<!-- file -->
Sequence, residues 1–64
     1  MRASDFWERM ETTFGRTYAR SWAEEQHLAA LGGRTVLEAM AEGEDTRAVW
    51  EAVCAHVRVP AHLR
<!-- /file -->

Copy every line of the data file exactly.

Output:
Sequence, residues 1–64
     1  MRASDFWERM ETTFGRTYAR SWAEEQHLAA LGGRTVLEAM AEGEDTRAVW
    51  EAVCAHVRVP AHLR